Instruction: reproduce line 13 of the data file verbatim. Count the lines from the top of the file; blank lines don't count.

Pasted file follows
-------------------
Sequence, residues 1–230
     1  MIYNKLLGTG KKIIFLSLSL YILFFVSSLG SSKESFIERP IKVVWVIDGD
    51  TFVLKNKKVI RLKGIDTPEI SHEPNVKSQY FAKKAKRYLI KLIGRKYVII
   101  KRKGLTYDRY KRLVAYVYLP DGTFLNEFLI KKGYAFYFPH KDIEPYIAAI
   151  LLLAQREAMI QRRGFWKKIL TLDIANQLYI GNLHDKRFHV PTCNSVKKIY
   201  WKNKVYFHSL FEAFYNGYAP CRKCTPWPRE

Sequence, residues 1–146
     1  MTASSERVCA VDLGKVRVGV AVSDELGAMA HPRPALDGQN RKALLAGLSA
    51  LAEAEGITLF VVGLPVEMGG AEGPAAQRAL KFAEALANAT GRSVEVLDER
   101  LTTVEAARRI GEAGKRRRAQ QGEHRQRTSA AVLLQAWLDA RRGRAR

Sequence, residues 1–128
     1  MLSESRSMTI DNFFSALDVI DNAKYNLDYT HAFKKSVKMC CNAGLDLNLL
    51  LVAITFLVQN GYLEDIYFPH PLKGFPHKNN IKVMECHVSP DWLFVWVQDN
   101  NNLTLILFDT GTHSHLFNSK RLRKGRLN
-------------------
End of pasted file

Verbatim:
    51  LVAITFLVQN GYLEDIYFPH PLKGFPHKNN IKVMECHVSP DWLFVWVQDN